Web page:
Zscaler recommends deploying Identity Federation using SAML (Security Assertion Markup Language) for provisioning and authenticating users. This article provides an overview of using SAML for provisioning and authenticating users for the Zscaler service.
To learn how to configure SAML for your organization, click How do I configure SAML?
The Zscaler service supports SAML 2.0 and above.
The service supports both service provider-initiated and IdP-initiated SAML deployments, as well as SAML auto-provisioning.
Background on SAML
SAML (Security Assertion Markup Language) is an XML-based structure that is used to organize users’ security and identity information, and to distribute this information across the organization’s boundaries to other entities. It enables the following entities to exchange identity, authentication, attribute, and authorization information:
- A principal, which is a user who is trying to access a service or application online
- A SAML authority, also referred to as the identity provider (IdP), that authenticates the user
- A relying party, which is the service provider that relies on the IdP to authenticate the user before it allows access to the service or application
SAML provides for a federated identity wherein partner services use the same name identifier to refer to a user. It also enables Single Sign-On so users can authenticate only once to an IdP and then access various services.
SAML achieves this through a collection of assertions, protocols, bindings, and profiles
Assertions: A SAML authority creates statements regarding any of the following:
- The authentication of a subject
- A subject’s attribute information
- Data of a subject in regards to a specific resource
Protocols: Request/response protocols that allow the service providers to:
- Request one or more assertions from a SAML authority
- Request an identity provider’s authentication for a principal and return the corresponding assertion
- Request the registration of a name identifier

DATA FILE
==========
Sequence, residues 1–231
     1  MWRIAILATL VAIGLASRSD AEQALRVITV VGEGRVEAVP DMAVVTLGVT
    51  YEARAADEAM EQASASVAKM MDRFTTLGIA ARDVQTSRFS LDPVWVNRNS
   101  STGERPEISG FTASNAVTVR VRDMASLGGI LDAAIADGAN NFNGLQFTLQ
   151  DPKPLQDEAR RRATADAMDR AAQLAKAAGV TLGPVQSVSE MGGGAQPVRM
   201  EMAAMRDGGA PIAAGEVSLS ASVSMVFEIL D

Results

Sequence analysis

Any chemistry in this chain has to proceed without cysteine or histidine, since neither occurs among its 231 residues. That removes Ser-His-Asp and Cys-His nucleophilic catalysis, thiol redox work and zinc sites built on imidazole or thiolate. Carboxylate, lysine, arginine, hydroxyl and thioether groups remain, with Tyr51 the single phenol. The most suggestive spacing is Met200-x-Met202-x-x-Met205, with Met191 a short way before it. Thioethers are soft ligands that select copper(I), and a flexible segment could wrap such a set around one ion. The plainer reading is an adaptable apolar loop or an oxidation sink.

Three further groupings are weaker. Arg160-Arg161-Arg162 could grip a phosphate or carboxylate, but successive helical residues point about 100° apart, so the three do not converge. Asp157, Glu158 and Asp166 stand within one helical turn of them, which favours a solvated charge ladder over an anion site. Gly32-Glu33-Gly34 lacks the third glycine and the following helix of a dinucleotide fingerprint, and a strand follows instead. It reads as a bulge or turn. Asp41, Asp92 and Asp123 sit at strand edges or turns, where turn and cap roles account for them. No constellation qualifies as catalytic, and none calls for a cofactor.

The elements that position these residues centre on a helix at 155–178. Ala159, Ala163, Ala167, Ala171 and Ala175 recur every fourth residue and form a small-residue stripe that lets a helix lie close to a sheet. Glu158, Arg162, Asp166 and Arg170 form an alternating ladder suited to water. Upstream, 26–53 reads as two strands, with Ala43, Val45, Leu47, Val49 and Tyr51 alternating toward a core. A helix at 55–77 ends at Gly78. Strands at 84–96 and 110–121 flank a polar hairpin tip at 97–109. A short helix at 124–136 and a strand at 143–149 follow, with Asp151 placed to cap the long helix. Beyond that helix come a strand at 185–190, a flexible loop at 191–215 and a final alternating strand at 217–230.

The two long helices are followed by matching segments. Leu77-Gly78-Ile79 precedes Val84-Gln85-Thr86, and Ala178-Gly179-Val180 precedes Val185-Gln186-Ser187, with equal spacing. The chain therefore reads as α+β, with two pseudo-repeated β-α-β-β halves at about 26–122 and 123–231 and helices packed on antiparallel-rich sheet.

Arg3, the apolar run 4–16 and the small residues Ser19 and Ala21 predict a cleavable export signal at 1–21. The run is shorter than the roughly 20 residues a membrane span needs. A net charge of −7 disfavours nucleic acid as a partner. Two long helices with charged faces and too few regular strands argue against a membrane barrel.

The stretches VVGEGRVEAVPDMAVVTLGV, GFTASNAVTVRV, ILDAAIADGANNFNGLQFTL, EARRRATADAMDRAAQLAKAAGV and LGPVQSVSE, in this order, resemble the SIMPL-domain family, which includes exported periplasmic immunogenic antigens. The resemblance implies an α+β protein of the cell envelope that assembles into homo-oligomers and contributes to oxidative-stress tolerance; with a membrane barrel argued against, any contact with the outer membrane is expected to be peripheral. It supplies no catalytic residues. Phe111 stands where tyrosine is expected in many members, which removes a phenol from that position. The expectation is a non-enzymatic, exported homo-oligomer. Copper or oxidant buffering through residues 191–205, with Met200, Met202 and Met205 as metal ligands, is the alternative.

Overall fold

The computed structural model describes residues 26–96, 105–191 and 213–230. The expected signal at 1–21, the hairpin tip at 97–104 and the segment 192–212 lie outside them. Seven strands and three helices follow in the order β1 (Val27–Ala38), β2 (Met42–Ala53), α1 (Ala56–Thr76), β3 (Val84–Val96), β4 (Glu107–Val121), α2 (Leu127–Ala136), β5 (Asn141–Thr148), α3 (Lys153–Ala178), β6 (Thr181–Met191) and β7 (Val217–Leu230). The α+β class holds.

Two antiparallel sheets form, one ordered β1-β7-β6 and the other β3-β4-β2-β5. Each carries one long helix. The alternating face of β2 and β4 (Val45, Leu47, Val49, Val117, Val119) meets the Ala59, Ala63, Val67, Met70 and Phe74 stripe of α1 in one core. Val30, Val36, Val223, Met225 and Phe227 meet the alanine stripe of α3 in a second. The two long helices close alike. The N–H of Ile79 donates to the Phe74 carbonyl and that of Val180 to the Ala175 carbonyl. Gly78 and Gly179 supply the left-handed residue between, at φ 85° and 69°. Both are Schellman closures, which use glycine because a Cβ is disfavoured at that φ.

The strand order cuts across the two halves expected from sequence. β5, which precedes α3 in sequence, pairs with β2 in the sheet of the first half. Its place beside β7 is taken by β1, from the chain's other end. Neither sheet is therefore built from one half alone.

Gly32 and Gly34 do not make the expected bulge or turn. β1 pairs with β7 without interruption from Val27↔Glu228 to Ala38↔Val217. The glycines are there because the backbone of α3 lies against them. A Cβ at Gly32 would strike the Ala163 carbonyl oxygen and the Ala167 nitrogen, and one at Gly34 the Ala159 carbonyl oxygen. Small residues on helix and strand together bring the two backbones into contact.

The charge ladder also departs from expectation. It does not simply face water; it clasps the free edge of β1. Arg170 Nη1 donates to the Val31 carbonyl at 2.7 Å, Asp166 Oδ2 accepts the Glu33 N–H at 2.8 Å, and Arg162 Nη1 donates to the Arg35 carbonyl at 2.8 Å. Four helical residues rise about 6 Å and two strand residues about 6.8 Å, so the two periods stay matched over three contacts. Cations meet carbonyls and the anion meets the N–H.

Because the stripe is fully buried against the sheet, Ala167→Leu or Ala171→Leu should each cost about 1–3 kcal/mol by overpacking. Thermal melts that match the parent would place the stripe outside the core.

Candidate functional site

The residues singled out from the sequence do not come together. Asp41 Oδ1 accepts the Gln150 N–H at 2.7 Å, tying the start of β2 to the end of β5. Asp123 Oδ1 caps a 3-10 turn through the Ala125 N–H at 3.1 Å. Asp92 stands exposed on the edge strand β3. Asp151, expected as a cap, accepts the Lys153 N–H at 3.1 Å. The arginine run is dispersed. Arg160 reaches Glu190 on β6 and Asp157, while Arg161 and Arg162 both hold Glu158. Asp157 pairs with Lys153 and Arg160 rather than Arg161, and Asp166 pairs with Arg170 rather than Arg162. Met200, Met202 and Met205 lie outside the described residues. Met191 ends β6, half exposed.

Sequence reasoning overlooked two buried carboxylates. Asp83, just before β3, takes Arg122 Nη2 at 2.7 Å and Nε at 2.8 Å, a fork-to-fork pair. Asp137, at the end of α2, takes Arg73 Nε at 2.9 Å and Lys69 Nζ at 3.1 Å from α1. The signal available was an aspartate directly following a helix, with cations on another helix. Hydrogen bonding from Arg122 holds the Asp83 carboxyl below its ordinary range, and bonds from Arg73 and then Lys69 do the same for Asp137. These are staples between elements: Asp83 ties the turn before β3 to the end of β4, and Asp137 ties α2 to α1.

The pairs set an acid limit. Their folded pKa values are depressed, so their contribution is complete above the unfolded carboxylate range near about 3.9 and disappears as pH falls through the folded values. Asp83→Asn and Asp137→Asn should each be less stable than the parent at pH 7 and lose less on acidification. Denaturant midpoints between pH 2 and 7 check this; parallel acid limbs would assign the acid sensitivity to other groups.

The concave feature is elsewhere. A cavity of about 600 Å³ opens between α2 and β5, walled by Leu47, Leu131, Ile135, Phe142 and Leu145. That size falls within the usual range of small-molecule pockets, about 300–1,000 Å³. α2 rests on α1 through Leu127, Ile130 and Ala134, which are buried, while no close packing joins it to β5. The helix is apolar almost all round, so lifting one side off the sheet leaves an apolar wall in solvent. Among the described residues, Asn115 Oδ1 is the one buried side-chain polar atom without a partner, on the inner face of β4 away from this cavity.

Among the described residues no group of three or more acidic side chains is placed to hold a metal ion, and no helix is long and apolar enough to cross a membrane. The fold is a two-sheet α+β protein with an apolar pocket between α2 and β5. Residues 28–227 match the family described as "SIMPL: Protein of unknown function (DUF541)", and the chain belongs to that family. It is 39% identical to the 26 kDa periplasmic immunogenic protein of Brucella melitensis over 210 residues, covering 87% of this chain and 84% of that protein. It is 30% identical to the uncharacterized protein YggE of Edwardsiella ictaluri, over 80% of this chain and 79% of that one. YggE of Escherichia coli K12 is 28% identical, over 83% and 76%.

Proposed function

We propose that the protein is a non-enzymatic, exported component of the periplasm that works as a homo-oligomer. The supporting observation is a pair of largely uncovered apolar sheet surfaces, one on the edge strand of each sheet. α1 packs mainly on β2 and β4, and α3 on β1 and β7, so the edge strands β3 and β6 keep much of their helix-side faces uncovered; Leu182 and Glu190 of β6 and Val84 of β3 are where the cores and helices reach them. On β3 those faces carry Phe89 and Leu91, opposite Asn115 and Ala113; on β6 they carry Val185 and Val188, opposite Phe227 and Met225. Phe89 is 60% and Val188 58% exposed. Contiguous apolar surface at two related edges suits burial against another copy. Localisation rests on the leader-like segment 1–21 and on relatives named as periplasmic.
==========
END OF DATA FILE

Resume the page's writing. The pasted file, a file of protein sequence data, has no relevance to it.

- Request the termination of an identifier’s use
- Get back a protocol message requested by means of an artifact
- Request a single logout for a collection of related sessions
- Request mapping of a name identifier
- Bindings: A binding defines how the SAML protocol messages are sent over transport and messaging protocols. The Zscaler service supports the HTTP Post Binding which Defines how SAML protocol messages can be transported within the base64-encoded content of an HTML form control.
- Profiles: A profile defines the assertions, protocols and bindings used for specific use cases.
For more information about SAML, refer to https://www.oasis-open.org/committees/tc_home.php?wg_abbrev=security
Service Provider-Initiated SAML
The most common deployment is the service provider-initiated SAML deployment where the user tries to access a web site and is redirected to the Zscaler service, which then sends a SAML request to the IdP. The IdP validates the user’s credentials, gets user attributes like group membership, and returns the SAML Response assertion to the Zscaler service through the user browser. The following figure illustrates the process in detail.
In IdP-initiated SAML, a user can log in directly from an SSO provider's portal by clicking the Zscaler application icon. When the user clicks the Zscaler application icon, the IdP generates a SAML response which is posted to Zscaler at:
For example, if your organization is on the zscaler.net cloud, the SAML response is posted to Zscaler at: https://login.zscaler.net:443/sso_upd/123456.
The service obtains the login name and optionally the group, department and user names from the SAML response. (Note that the SAML response must be 4 MB at the most.) To ensure security and prevent man-in-the-middle attacks, the Zscaler service requires that the SAML response be digitally signed by the IdP. If required by the IdP, the service can also digitally sign its request.
You can enable SAML Auto-Provisioning to allow the service to automatically retrieve information related to users/groups/departments from the SAML response and automatically add the information to the database. It can also automatically update a user's group membership based on the information retrieved from the SAML response. (Note that the SAML response must be 4 MB at the most.)
- If the user does not exist in the database, it is added into the database along with the group and the department values. This new user is activated and all relevant policies are enforced.
- If the user exists in the database, the user display name, group and department values in the SAML Response are updated into the database.
- If the user display name, group and department values do not exist in the SAML Response, then these values are removed from the database too.